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Lecture 5

ANT208 Lecture 5.pdf

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Department
Anthropology
Course
ANT208H5
Professor
Lisa Trentin
Semester
Summer

Description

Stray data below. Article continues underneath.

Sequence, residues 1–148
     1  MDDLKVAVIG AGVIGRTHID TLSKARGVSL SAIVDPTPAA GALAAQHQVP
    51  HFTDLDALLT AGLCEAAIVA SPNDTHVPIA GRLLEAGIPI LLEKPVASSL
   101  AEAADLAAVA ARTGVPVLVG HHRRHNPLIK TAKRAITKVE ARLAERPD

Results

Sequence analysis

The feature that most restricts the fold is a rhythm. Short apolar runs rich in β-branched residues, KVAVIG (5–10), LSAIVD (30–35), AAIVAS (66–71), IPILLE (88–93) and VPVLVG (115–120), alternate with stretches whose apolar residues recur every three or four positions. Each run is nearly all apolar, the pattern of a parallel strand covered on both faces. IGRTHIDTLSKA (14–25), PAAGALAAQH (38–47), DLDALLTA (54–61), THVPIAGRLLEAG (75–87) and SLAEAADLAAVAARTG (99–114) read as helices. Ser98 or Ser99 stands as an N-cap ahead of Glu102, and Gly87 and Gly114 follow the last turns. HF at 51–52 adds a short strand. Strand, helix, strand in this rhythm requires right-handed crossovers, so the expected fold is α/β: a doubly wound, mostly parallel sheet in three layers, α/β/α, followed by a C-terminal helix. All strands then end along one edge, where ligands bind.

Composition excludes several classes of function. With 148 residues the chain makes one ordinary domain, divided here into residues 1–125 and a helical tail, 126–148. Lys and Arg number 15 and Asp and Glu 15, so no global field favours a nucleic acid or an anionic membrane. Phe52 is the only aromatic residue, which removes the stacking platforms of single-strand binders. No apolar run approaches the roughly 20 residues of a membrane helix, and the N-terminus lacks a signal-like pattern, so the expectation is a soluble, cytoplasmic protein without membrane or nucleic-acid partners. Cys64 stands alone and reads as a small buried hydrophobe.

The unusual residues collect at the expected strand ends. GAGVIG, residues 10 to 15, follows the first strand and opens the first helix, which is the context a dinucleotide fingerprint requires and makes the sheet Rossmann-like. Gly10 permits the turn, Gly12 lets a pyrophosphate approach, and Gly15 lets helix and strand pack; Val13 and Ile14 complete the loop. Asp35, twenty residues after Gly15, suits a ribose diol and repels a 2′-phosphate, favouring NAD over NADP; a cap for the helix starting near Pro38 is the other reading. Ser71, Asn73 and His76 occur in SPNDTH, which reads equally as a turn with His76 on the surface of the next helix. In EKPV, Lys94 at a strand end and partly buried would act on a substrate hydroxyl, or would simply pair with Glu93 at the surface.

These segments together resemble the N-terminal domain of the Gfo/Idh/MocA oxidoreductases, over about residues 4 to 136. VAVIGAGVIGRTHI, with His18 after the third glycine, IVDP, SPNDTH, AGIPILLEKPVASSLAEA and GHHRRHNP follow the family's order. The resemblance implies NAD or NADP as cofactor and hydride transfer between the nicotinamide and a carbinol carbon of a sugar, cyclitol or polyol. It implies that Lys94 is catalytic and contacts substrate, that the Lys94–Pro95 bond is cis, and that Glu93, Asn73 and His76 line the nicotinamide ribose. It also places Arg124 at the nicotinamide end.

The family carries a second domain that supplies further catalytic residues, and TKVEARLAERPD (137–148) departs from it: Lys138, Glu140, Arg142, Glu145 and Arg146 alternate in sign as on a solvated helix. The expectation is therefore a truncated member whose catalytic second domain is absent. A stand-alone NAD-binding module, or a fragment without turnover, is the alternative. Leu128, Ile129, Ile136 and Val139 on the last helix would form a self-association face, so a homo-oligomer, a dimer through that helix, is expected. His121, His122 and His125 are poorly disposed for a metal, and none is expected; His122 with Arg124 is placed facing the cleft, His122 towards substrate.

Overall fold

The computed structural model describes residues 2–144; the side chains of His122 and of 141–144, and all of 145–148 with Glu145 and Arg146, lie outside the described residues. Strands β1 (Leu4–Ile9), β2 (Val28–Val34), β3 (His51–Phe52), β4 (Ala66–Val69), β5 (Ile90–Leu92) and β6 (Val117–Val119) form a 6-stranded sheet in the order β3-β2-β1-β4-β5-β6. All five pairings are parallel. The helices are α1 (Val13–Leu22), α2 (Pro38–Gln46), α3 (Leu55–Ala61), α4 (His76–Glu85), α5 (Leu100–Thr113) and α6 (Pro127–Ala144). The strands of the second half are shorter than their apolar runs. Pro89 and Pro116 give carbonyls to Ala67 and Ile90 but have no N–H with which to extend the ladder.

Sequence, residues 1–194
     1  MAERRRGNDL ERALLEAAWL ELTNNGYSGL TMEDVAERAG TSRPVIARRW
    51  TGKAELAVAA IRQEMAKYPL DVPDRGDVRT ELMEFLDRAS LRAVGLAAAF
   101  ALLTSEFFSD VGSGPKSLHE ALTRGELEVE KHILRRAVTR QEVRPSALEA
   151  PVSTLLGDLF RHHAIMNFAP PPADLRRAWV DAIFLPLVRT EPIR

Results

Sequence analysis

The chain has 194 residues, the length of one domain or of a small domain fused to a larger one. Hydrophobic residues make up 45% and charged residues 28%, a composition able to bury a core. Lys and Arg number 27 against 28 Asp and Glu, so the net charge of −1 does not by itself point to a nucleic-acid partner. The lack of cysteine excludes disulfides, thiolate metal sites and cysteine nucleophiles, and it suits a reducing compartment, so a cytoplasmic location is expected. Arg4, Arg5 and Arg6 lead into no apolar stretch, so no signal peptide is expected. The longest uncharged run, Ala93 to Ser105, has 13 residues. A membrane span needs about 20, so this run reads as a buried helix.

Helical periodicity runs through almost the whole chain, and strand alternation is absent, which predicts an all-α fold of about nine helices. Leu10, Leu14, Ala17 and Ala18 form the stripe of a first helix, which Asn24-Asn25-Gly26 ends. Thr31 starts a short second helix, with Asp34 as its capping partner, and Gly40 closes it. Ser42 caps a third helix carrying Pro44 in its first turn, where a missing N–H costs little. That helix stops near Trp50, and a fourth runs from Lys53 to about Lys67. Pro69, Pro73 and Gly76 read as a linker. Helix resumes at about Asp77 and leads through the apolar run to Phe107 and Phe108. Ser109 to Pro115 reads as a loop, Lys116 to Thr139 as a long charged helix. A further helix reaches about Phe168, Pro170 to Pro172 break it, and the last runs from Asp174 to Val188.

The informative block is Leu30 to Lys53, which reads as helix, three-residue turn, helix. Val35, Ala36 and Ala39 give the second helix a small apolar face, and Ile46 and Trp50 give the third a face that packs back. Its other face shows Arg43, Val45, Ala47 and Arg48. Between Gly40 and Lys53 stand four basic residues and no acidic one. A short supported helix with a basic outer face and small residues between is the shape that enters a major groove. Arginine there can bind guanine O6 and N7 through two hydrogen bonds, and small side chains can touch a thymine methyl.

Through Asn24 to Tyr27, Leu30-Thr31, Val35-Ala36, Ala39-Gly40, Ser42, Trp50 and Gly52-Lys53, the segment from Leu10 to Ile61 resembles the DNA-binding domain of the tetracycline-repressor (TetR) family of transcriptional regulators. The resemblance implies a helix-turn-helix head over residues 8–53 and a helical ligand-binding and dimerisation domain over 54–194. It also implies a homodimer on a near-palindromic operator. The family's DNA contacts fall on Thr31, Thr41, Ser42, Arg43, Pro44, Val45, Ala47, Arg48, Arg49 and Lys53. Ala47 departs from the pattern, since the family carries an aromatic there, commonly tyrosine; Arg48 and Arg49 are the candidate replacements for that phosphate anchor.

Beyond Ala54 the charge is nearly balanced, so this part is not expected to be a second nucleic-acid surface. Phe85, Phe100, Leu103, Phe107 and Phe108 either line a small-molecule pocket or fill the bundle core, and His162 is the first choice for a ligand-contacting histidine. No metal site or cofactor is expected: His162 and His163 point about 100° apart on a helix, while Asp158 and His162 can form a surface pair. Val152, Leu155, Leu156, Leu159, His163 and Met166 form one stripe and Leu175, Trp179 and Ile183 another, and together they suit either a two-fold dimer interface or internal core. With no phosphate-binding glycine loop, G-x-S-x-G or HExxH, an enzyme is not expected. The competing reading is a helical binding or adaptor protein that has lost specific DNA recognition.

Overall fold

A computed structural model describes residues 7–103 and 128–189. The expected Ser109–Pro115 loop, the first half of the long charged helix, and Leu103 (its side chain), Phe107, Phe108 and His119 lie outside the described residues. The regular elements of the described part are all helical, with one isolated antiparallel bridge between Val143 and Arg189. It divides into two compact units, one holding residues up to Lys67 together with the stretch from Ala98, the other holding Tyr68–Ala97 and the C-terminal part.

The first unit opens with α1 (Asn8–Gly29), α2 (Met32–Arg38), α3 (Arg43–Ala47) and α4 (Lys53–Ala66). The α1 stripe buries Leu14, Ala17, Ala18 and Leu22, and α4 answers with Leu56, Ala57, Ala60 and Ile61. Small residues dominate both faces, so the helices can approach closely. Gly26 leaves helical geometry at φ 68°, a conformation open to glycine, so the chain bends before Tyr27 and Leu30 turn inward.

Lecture 5 May-22-13 1:13 PM Who is Native American? Stereotypes,Indian hobbyists, and self-representations What images of Native Americans exist and persist? • What is a wild west show? • What is Indianism (a.k.a. Indian hobbyist groups) • What are the images and discourses? ○ Methods:Content and discourse analysis Do representations and the consumption of Indianness through various forms and mediums lead to greater cultural understanding and tolerance, or perpetuate stereotypes?How? • Native Responses ○ Euro Disney performers ○ Film: Native Americans watch Russian powwow ○ Adrienne K. Native Appropriations blogger What images of Native Americans exist and persist? HISTORY OF WILD WEST SHOWS — 18-19thcenturies – larger context of performance and display Cities allowed non-Natives to learn about Natives Ex: Catlin travelling paintings and lecture (Native performers)in travels to teach people about the Natives, Paul Kane, world fairs — Wild West shows: a form of live exhibition/spectacleillustrating frontier life — Buffalo Bill’s Wild West show (William F. “Buffalo Bill” Cody and Nate Salsbury) - 1883-1916 — Three decades and 2 continents — Sitting Bull and famous Natives  Known for participation in battles  A savvy businessman  A key componentin drawing audiences/ crowds Every show included at least one battle (between cowboysand indians) — Spectacular extravaganza – standard formula: BBHC, McCracken Library Performance Strategies and Authenticity SHOWS EMPHASIZED EDUCATIONAL VALUE AND AUTHENTICITY - Media: example, programs informativeand educational / anthropological like (bookletsup to 64 pgs long) - Real people: “...these noble red men are the genuine article.” Gazette, 1889 - Spectator position (Whissel 2002): performerswitnesses ○ To make sure spectator position is privileged, hired famous Indians and veteransof the US Calvary ○ Yet privileges white view of history - PictorialRealism (Whissel 2002): presents living pictures of cultures and events ◦ and world-as-exhibition model (Mitchell 1992) ◦ Examples: vignettes,reenactments,Indian village - A partial portrayal Content Analysis Discourse Analysis — Def’n: interpretation of text (message) by systematic —Def’n/Goal:Study of discursive practices to shed light and objectiveidentification of characteristicsof the on social interactions and power relationships message — Uncoverdiscourse (the whole discourse of imagery) — Goal: Deconstructthe content of the message to — Uncoverpower relations; hidden motivationsand — Goal: Deconstructthe content of the message to — Uncoverpower relations; hidden motivationsand reveal underlying meanings; interpretation of message influences; who says what and why Steps Steps — Collect, document,organize data; involves careful — Collect, document,organize data; involves careful coding and interpretation coding and interpretation — Examine ‘text’ for themes and patterns of meaning — Examine text for themes and patterns of meaning ◦ Can be applied to visual documentation — Knowledge of cultural, political, economiccontextof — Need criteria for coding (inclusive), unit size can vary production of text — Knowledge of historical context (help you understand
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